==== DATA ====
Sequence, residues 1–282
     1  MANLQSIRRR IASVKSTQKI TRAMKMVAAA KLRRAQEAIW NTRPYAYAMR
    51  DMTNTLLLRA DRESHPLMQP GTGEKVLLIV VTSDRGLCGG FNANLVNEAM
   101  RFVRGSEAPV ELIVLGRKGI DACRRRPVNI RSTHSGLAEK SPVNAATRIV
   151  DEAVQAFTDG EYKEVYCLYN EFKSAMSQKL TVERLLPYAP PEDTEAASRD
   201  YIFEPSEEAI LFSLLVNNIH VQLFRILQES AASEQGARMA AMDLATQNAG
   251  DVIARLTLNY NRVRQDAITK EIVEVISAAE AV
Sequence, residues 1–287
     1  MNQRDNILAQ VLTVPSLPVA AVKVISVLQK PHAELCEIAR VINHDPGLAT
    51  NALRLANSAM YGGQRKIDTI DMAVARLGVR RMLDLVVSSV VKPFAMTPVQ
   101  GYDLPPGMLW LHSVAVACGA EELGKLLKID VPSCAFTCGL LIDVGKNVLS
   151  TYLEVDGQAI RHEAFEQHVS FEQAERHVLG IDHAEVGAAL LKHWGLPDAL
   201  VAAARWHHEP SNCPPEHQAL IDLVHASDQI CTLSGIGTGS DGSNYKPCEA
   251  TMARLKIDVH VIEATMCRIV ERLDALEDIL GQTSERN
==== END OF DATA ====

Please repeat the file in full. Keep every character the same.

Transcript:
Sequence, residues 1–282
     1  MANLQSIRRR IASVKSTQKI TRAMKMVAAA KLRRAQEAIW NTRPYAYAMR
    51  DMTNTLLLRA DRESHPLMQP GTGEKVLLIV VTSDRGLCGG FNANLVNEAM
   101  RFVRGSEAPV ELIVLGRKGI DACRRRPVNI RSTHSGLAEK SPVNAATRIV
   151  DEAVQAFTDG EYKEVYCLYN EFKSAMSQKL TVERLLPYAP PEDTEAASRD
   201  YIFEPSEEAI LFSLLVNNIH VQLFRILQES AASEQGARMA AMDLATQNAG
   251  DVIARLTLNY NRVRQDAITK EIVEVISAAE AV
Sequence, residues 1–287
     1  MNQRDNILAQ VLTVPSLPVA AVKVISVLQK PHAELCEIAR VINHDPGLAT
    51  NALRLANSAM YGGQRKIDTI DMAVARLGVR RMLDLVVSSV VKPFAMTPVQ
   101  GYDLPPGMLW LHSVAVACGA EELGKLLKID VPSCAFTCGL LIDVGKNVLS
   151  TYLEVDGQAI RHEAFEQHVS FEQAERHVLG IDHAEVGAAL LKHWGLPDAL
   201  VAAARWHHEP SNCPPEHQAL IDLVHASDQI CTLSGIGTGS DGSNYKPCEA
   251  TMARLKIDVH VIEATMCRIV ERLDALEDIL GQTSERN